How Does Arthur Miller Return To Present The Present In All My Sons

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Question: How does Miller show the past returning to transform the present in all my sons?

The return of the past and its effect on the present is shown by Arthur Miller in the play All My Sons through dialogue, stage directions and the way that the playwright describes the characters and the set. The action of this play is tied to what has happened in the past, we learn through the dialogue and actions of the characters that they are profoundly affected by the actions of their father during the war. Miller criticizes Keller because he didn’t take responsibility for his actions this refers the lack of social responsibility that people had at the time. The action of the play is tied to what has happened in the past, like Larry 's death and Joe 's crime. We see how the actions of the past are affecting the characters through mothers’ dialogue in Act one:
Mother: No more roses. It 's so funny... everything decides to happen at the same time. This month is his birthday, his tree blows down, and Annie comes. Everything that happened seems to be coming back. I was just down the cellar, and what do I stumble over? His baseball glove. I haven 't seen it in a century.”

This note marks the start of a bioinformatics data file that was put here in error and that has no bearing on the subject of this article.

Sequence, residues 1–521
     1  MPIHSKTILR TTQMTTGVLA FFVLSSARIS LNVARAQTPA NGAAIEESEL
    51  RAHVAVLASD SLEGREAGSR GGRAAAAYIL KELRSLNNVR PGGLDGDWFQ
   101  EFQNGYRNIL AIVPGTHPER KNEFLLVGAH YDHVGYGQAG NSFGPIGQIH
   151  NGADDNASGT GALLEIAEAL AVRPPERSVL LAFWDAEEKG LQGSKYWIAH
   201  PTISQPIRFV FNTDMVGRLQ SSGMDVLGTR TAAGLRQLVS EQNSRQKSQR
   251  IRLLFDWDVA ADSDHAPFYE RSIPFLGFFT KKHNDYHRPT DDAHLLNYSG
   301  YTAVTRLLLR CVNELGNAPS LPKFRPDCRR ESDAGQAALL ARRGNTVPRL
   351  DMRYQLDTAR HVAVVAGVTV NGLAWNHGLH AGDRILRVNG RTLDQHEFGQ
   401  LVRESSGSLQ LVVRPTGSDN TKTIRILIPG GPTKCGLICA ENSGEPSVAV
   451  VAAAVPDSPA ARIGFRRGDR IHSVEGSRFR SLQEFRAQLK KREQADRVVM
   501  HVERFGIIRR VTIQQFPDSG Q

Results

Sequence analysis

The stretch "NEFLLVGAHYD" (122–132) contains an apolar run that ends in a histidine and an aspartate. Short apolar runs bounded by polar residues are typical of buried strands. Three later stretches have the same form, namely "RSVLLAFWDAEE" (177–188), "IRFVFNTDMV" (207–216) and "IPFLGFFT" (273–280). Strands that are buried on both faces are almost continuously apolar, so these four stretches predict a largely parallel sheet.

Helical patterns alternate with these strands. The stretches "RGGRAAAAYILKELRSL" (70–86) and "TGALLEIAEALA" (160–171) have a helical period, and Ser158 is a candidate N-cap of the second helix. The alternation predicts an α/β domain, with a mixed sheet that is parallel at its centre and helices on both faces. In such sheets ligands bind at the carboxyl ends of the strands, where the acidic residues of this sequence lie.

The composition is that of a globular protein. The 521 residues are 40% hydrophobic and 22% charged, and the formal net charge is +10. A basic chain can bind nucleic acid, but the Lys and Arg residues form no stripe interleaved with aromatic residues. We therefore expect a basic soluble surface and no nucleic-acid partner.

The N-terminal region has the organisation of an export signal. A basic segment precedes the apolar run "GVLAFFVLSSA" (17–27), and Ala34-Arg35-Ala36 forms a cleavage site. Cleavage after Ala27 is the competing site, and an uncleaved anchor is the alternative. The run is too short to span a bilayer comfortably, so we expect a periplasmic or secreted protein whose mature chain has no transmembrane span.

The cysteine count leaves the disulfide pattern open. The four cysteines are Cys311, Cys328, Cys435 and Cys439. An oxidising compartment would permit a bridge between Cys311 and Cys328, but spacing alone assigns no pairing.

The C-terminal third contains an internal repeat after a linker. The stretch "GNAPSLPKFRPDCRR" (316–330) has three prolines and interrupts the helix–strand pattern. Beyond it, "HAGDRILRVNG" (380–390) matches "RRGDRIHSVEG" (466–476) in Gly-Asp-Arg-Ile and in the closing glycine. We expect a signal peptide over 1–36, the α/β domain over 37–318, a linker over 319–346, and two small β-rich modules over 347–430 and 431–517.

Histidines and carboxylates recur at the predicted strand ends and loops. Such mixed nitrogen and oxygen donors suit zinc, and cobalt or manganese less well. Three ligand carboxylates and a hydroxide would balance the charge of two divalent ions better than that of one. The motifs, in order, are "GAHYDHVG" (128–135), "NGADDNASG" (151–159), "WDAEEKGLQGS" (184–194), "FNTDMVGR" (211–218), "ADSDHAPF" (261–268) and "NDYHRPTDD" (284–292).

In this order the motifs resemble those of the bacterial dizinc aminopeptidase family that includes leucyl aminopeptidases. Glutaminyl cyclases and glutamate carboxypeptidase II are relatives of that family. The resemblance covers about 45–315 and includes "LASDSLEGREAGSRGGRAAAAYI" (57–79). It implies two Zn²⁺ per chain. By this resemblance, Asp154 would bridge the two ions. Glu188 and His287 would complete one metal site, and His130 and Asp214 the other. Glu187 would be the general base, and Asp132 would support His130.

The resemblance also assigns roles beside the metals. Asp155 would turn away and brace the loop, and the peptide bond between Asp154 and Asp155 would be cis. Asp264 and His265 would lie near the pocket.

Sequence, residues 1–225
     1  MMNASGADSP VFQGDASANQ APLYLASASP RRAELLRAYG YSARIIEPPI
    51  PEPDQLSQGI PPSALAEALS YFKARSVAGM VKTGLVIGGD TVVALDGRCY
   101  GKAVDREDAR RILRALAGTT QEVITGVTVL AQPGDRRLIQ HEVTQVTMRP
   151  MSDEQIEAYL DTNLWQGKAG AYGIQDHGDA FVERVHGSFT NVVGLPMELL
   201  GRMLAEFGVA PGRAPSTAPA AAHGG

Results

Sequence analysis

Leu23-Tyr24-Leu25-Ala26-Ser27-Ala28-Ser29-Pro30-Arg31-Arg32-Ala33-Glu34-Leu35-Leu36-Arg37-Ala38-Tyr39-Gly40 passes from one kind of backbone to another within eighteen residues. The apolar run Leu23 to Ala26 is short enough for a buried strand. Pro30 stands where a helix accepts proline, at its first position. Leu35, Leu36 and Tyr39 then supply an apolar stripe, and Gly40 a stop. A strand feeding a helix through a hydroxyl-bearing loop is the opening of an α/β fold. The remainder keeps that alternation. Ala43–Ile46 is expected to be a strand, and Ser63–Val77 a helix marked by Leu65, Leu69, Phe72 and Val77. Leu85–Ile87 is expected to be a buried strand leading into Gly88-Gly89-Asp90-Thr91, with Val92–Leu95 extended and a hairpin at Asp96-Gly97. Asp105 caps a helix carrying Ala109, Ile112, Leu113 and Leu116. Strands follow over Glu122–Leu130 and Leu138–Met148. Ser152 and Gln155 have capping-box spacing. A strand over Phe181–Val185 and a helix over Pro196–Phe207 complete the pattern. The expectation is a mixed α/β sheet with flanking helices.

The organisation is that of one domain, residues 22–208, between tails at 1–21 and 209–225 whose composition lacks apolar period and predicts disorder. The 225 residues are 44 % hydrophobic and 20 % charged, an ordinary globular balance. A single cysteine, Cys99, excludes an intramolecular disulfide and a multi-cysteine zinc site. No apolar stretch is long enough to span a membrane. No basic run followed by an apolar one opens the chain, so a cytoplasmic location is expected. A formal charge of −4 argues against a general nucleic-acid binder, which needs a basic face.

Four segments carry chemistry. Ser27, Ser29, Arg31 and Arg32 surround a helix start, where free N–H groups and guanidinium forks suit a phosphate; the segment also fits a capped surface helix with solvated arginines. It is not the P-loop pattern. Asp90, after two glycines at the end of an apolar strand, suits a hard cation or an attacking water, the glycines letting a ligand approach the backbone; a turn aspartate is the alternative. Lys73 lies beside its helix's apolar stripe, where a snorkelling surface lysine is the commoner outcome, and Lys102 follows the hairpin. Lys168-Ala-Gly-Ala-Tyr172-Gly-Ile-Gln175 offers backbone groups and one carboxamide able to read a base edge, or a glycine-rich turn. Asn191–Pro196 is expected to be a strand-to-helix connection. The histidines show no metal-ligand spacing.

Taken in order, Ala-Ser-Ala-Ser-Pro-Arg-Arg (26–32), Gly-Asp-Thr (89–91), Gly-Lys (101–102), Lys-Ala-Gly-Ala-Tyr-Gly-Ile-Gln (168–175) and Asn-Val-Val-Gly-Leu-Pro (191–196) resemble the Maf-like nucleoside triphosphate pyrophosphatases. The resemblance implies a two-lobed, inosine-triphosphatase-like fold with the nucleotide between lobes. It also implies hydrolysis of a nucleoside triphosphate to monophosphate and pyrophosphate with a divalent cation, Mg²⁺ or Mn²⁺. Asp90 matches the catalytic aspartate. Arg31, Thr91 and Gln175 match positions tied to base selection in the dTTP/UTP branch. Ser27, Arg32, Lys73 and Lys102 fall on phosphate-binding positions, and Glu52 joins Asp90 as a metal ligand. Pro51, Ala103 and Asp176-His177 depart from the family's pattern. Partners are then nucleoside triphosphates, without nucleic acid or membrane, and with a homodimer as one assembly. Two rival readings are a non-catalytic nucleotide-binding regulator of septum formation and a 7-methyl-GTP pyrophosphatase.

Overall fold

This conversation between Kate Keller introduces the audience to a
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This can be seen in the neighbors of the Keller family and their pasts, Jim Bayliss and his unfulfilled dreams, Frank and the fact that he didn’t go to war and instead he stood at home and got a family, he stole Lydia from George and he feels guilty about it. Miller does this to make the audience feel more related to the characters and the play to enhance the theme of realism which the return of the past links to. This is also one of the main themes in the play and it describes the way
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